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Team of scientists uncover copper poisoning as ancient mechanism in bacterial predation by protozoa

Protozoans were the first eukaryotes to interact with bacteria and their evolutionary success was directly attributed to their ability to effectively engulf (through phagocytosis), kill and then digest their prey. Eventually, predatory protozoa that acquired the most effective mechanisms to kill bacteria became dominant, but the same evolutional pressure forced bacteria to develop resistance mechanisms to minimize damage.

In the recent study published in Molecular Microbiology “A role for copper in protozoan predation-selecting bacterial copper resistance for 2 billion years” (DOI 10.1111/mmi.13483), a novel concept of protozoan predation as a major selection factor for maintenance and acquisition of copper resistance determinants was developed. The driving force behind the outlining of this hypothesis was our desire to explain the widespread presence of copper resistance determinants in environments where copper concentrations are very low, such as in a deep ocean. The effect of anthropological factors on copper resistance development in those environments is also minimal. Therefore, we have looked for a naturally occurring selective pressure that could result in the increased occurrence of copper resistance determinants in bacteria. Our experiments showed that protozoa use copper to poison and kill bacterial prey and, in our opinion, preselect for bacteria that possess mechanisms counteracting the toxicity of copper. This hypothesis was tested by examining survival of bacteria differing in their copper resistance determinants in two distinct unicellular eukaryote models, Dictyostelium discoideum and Paracercomanas. We could conclusively show the role of Cu(I) in protozoan predation of bacteria, confirming our original hypothesis.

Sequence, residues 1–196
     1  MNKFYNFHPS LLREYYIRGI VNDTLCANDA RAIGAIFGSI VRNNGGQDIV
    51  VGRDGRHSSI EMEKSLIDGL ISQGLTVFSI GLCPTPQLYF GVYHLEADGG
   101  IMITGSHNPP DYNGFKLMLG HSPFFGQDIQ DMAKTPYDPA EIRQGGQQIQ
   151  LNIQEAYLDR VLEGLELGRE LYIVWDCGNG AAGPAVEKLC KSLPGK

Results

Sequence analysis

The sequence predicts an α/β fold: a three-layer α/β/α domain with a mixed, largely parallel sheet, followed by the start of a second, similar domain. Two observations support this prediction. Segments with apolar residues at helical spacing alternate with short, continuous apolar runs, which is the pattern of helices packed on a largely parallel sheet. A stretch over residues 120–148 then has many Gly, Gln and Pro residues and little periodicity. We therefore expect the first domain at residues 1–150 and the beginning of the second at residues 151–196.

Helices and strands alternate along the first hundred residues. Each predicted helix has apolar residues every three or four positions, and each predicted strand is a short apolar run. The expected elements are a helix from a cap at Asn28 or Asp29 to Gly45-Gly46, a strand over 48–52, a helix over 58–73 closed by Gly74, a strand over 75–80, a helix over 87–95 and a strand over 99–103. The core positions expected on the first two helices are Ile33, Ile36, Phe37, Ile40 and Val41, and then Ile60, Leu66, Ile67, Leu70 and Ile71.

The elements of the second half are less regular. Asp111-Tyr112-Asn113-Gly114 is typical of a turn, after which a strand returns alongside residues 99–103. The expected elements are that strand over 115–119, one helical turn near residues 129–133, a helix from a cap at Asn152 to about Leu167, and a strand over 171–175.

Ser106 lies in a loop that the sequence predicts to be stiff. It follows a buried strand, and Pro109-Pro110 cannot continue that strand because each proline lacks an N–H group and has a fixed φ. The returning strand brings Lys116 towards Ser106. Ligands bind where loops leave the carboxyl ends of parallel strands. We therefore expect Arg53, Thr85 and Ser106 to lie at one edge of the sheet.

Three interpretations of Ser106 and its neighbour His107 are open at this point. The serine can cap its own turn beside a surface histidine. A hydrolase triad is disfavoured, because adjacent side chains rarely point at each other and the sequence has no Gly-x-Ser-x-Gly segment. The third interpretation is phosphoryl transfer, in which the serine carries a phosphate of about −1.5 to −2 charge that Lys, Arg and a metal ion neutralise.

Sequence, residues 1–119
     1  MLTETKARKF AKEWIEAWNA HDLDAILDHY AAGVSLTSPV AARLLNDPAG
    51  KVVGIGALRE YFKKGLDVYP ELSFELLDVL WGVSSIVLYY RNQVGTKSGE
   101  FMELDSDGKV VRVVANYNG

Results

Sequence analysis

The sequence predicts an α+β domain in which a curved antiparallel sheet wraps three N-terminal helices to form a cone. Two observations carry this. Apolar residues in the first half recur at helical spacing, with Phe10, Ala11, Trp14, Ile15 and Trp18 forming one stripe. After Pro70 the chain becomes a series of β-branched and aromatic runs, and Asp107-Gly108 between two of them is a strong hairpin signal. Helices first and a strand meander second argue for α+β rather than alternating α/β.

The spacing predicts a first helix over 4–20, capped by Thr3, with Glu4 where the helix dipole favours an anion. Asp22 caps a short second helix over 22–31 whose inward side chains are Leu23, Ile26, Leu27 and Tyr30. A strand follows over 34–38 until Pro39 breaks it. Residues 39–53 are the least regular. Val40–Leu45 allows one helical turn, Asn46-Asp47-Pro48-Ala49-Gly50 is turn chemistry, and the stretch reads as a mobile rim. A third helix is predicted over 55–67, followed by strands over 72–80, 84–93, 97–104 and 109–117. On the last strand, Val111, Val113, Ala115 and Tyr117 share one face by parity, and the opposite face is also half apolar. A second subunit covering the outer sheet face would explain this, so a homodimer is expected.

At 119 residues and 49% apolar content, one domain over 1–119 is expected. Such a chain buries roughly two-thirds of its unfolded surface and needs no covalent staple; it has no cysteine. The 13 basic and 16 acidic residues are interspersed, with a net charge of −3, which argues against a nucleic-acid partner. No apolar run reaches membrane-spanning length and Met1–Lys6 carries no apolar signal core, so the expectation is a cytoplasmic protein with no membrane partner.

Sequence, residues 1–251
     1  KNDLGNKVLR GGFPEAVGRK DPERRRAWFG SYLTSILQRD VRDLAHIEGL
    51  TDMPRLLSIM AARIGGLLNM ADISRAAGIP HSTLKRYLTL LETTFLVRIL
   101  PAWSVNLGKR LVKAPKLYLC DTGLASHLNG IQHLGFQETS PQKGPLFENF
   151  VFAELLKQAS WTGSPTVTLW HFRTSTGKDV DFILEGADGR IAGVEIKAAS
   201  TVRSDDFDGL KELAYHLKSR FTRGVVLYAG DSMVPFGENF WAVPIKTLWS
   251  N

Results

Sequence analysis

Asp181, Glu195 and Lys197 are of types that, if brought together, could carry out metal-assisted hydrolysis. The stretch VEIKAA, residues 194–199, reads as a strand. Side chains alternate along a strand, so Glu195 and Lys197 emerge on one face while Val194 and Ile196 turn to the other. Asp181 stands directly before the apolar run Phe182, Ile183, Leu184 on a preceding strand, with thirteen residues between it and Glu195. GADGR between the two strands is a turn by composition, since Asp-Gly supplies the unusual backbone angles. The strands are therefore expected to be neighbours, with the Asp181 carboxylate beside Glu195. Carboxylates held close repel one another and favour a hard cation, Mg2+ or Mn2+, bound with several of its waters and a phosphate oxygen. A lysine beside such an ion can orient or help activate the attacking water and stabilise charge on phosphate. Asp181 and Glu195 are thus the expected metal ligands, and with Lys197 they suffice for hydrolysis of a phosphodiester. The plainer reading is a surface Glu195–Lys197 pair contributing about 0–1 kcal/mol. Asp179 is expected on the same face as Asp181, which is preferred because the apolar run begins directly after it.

This study was led by Professors Christopher Rensing and Yong-Guan Zhu, Institute of Urban Environment, Chinese Academy of Sciences in Xiamen. Both professors have been collaborating on environmental microbiology and biogeochemistry over the last 10 years.

Bright-field GFP fluorescence Merge showing elevated concentrations of copper in the phagosomes of amoeba upon bacterial ingestion

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